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the Complete Review
the complete review - fiction

Long Long Ago

Ogali Ogali

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To purchase Long Long Ago

Title: Long Long Ago
Author: Ogali A. Ogali
Genre: Novel
Written: 1957
Length: 36 pages
Availability: in: Veronica My Daughter
in: Veronica My Daughter - UK
  • Long Long Ago is included in the collection Veronica My Daughter and Other Onitsha Plays and Stories (see our review)

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Our Assessment:

B- : wild, imaginative (if largely too simplistic) stories

See our review for fuller assessment.

The complete review's Review:

       Long Long Ago contains "six imaginary stories". The lives and exploits of a number of characters are described in the novel's six parts.
       There is Jackie, a "clever chap" who makes it all the way to Oxford (sent there to study Latin) but enjoys the fast life more than studying. He returns to Nigeria, disappointed but apparently not entirely disgraced, and is able to impress the locals with his sophistry. Some wisdom finally comes with age, and eventually he goes on to become Village Chief, "forgetting his old fooleries".
       The story of Okokobioko is a bit more complex, as Ogali offers a more elaborate myth-creation. War ravages and divine intervention (including by "Allah, the god of youth") all play a role before the birth of Okokobioko. He soon has "the power of Atlas, the wisdom of Solomon and the speed of Mercury". He becomes a warrior (well, he joins the army) and evil is ultimately conquered.

Everlasting peace was established. Civilization crept in and in two years of his reign, the three kingdoms became a great nation commanding world respect.
       The story of The man who knew everything tells of the giant Booboo and a diminutive man ("whose name and origin no one knew") who knows everything. Booboo can't defeat the small man, though it takes him a while to recognize that. Eventually, however, he learns his lesson. This tale too is a simple sort of folk-tale, nicely (if very quickly) spun out.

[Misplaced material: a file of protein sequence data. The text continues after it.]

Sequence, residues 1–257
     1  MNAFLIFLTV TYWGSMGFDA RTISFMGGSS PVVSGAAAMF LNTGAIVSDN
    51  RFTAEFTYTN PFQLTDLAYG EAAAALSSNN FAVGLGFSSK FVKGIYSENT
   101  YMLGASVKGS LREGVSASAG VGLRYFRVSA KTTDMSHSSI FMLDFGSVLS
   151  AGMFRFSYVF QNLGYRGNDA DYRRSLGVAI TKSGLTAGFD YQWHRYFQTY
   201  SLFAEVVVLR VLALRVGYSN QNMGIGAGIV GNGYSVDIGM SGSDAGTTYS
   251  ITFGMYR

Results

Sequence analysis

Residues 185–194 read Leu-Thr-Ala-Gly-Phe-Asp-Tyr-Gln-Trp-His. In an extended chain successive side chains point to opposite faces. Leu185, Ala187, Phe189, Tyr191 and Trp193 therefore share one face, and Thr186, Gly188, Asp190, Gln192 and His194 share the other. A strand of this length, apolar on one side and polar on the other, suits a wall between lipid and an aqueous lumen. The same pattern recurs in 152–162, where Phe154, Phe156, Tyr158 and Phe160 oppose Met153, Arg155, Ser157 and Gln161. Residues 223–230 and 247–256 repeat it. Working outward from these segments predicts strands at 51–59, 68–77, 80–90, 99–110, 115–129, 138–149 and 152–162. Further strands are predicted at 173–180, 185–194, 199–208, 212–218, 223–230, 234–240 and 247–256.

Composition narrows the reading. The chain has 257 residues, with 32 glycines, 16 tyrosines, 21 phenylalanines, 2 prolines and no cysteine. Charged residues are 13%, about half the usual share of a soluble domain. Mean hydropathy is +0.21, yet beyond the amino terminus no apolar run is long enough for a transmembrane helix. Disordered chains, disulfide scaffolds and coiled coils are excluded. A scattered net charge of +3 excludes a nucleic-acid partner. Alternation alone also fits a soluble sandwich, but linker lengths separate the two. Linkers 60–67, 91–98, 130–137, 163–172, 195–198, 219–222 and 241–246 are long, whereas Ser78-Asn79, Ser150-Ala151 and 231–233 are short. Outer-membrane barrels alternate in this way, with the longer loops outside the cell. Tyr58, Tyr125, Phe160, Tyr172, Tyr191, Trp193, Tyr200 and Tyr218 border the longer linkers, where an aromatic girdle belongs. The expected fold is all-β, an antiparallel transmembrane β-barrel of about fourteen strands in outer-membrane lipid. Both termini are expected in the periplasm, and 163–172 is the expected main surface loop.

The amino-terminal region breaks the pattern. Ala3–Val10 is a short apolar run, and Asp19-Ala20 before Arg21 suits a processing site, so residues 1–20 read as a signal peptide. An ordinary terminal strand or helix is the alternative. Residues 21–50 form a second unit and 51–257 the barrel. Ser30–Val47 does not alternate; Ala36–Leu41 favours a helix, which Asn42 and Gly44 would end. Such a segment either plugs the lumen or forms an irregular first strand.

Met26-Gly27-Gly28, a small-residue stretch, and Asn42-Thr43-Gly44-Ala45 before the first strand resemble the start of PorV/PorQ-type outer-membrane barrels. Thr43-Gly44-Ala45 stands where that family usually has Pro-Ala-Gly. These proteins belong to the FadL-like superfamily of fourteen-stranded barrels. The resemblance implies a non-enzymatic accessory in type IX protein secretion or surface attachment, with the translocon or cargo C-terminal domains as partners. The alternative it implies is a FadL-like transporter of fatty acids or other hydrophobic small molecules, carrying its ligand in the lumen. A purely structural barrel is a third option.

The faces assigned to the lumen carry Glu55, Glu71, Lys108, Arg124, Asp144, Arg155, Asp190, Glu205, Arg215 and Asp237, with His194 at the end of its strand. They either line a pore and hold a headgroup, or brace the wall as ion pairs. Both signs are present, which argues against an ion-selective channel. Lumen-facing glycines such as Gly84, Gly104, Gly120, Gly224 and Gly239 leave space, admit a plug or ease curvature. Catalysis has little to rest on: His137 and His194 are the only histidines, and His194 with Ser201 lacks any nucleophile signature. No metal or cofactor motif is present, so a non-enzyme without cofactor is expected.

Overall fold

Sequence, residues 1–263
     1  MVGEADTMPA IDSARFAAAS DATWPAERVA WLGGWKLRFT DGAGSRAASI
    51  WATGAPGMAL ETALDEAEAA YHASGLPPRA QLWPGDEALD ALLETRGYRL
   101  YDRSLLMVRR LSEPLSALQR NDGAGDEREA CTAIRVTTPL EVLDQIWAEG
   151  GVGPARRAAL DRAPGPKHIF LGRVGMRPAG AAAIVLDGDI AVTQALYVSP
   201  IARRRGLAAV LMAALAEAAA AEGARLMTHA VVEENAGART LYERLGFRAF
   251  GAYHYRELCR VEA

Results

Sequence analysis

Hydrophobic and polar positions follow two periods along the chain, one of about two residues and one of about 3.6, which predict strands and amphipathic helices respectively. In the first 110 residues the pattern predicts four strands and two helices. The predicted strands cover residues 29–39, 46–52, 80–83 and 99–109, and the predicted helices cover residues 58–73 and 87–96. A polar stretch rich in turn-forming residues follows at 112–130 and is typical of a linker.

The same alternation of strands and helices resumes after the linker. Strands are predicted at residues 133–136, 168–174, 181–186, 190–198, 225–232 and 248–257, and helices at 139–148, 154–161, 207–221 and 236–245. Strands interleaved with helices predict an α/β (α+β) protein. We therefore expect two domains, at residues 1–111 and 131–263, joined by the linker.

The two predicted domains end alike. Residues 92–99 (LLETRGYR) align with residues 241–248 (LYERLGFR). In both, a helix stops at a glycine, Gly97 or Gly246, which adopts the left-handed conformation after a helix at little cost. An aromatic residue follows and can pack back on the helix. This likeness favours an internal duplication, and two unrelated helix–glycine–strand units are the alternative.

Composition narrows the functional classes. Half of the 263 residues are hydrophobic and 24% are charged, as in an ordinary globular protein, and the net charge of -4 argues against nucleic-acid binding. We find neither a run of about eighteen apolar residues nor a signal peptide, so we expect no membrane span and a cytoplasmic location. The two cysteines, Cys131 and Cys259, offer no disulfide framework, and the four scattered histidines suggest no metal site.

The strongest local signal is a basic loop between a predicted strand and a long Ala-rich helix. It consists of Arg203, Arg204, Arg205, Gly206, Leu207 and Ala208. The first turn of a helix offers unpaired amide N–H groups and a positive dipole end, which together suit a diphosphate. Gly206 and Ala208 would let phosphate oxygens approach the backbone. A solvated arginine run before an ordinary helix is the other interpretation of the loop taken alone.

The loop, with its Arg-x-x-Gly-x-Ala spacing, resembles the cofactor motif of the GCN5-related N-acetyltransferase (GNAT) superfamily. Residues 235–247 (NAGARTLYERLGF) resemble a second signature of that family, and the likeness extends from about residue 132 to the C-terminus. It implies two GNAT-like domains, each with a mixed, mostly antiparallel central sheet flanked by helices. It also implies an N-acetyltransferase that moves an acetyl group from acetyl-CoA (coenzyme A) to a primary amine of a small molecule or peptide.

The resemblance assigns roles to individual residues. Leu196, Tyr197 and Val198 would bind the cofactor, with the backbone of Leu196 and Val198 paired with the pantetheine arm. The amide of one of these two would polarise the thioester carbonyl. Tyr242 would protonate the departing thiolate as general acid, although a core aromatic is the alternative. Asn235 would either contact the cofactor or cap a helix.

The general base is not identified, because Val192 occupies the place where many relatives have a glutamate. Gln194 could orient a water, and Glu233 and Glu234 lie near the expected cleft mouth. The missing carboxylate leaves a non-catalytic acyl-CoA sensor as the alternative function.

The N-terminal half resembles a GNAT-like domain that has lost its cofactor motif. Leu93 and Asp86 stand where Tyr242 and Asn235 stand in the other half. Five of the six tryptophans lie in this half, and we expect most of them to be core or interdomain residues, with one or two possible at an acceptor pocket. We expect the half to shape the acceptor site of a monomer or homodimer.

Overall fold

The fourth tale sees the return of the clever rogue Abanidiegwu (familiar, in naiver form, from Smile Awhile (see our review)). The clever rogue has now had more success -- he is now "the richest man in the whole land of Potopo". But he wants a wife. And the woman he has his eye on, Obioma, is about to wed another. A firm believer that: "Opportunity must be seized", the Clever Rogue sets about trying to win over Obioma. It culminates in a brief and bizarre trial, but justice is ultimately served.
       The fifth tale, The Great Family, is again a more elaborate story. The "family" is, in fact a body -- "with 'Head' as the Paramount Chief (...) 'Leg' as the Transport Manager; 'Stomach' as the General Provision Store Keeper", etc. A conflict develops. It takes a while to sort it all out, but order and happiness is finally restored.
       The final tale is told in the first person, recounting My adventure -- described as "a true record of my imaginary adventure". A trip leads to more adventure than the narrator bargained for. He encounters murderers, is attacked by a leopard, and meets a variety of other adventures.

       Long Long Ago is an odd collection of dissimilar tales. Almost all are fairly short -- briskly told, sometimes covering too much material much too quickly -- but some of the more focussed pieces are quite effective.

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Onitsha market literature: Other books by Ogali A. Ogali under review: Other books of interest under review:

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About the Author:

       Nigerian author Ogali A. Ogali was born in 1935 and was a leading author of the pamphlet literature sold at Onitsha market.

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